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BHP beats forecasts, remains cautious on China demand

China is Australia's biggest trade partner at $53 billion (Dh194.67bn) last year. Australia. (REUTERS)

By Reuters

Top global miner BHP Billiton signalled caution over a sustained global recovery and held off from a share buyback after reporting its weakest first-half profit in four years.

BHP's July-December profit nevertheless beat market forecasts and was 24 per cent stronger than in the previous half, spurring the miner to raise its dividend slightly, pushing its shares up more than three per cent.

"The momentum's the important factor," said Tim Schroeders, a portfolio manager at Pengana Capital, which owns BHP shares.

"There should be some more good news over the next few months with prices for iron ore and coal appearing as though they'll go up, which should further buoy profits going forward."

Fund managers said BHP was wise to hold on to its cash instead of launching a share buyback, which analysts had flagged might be possible, as the global outlook remained uncertain and it had $12 billion (Dh44bn) worth of expansion projects underway.

"With such a large number of reinvestment opportunities, they're just going to play the conservative angle until they gain more confidence in the global economic recovery," said Adam Dixon, a portfolio manager at Ausbil Dexia.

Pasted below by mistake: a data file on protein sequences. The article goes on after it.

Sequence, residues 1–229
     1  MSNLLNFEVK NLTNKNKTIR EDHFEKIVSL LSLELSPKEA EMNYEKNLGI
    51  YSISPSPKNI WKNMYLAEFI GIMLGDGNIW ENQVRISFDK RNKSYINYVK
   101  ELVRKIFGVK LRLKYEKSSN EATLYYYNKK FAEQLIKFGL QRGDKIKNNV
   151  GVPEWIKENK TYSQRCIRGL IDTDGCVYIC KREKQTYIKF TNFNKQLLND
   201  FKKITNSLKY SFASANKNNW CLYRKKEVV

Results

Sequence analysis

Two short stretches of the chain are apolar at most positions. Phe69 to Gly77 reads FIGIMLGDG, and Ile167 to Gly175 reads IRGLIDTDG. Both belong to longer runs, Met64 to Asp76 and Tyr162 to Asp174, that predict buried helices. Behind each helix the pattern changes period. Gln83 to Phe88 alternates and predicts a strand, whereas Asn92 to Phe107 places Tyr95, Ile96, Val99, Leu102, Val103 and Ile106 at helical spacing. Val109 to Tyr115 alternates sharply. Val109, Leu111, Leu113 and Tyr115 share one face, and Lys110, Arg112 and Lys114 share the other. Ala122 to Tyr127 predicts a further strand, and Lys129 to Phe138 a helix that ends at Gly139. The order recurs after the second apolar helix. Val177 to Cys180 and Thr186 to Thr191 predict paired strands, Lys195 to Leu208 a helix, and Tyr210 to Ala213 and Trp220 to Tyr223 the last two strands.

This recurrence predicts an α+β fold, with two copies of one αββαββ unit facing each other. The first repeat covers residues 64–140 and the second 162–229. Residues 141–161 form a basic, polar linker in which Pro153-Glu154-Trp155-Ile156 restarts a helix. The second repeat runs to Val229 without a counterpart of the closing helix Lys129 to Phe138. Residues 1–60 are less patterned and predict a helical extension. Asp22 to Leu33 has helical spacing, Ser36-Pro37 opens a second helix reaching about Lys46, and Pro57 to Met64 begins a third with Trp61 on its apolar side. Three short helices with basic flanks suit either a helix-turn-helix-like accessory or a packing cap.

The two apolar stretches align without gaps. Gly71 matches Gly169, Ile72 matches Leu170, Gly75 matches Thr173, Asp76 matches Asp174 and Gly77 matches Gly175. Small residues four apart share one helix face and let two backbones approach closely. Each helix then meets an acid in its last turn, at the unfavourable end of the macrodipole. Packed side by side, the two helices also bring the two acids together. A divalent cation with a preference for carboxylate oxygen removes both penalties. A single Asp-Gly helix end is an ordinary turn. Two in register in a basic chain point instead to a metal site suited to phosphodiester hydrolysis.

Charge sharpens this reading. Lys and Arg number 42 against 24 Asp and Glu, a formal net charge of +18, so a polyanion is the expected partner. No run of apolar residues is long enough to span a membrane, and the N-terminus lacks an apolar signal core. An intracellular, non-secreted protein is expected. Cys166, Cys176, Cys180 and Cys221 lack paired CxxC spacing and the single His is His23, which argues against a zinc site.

BHP warned the pace of monetary tightening and the rate of loan growth for commodity-intensive sectors in China, its biggest customer, would be critical, and was wary about the speed and strength of recovery in developed economies.

"We do not expect China to stop lending," BHP said. "However, reduced credit liquidity in key segments of the commodity market may have a flow-on impact on prices."

At the same time, CEO Marius Kloppers highlighted China's roaring demand for iron ore, which has driven up spot prices to more than double the benchmark price.

He played down speculation about potential takeovers, saying the focus was its proposed $116bn iron ore production joint venture with Rio Tinto.

China to try Rio Tinto staff on bribery charges

China has indicted four employees of Anglo-Australian mining giant Rio Tinto on charges of bribery and violating commercial secrets, opening the way to a trial in a case which has tested Sino-Australian relations.

The four include Australian citizen Stern Hu, state news agency Xinhua said.

Hu, Rio Tinto's lead iron ore negotiator in China, and three other staff from China were arrested last July and remain in detention in a commercial secrets case that was referred to a prosecutor last month.

The case placed a cloud over already contentious iron ore price negotiations between China and Rio, fellow Australian miner BHP Billiton and Brazil's Vale as well as government-to-government ties.

China is Australia's biggest trade partner at $53 billion (Dh194.67bn) last year. Australia exported $15bn worth of iron ore to China in 2008.


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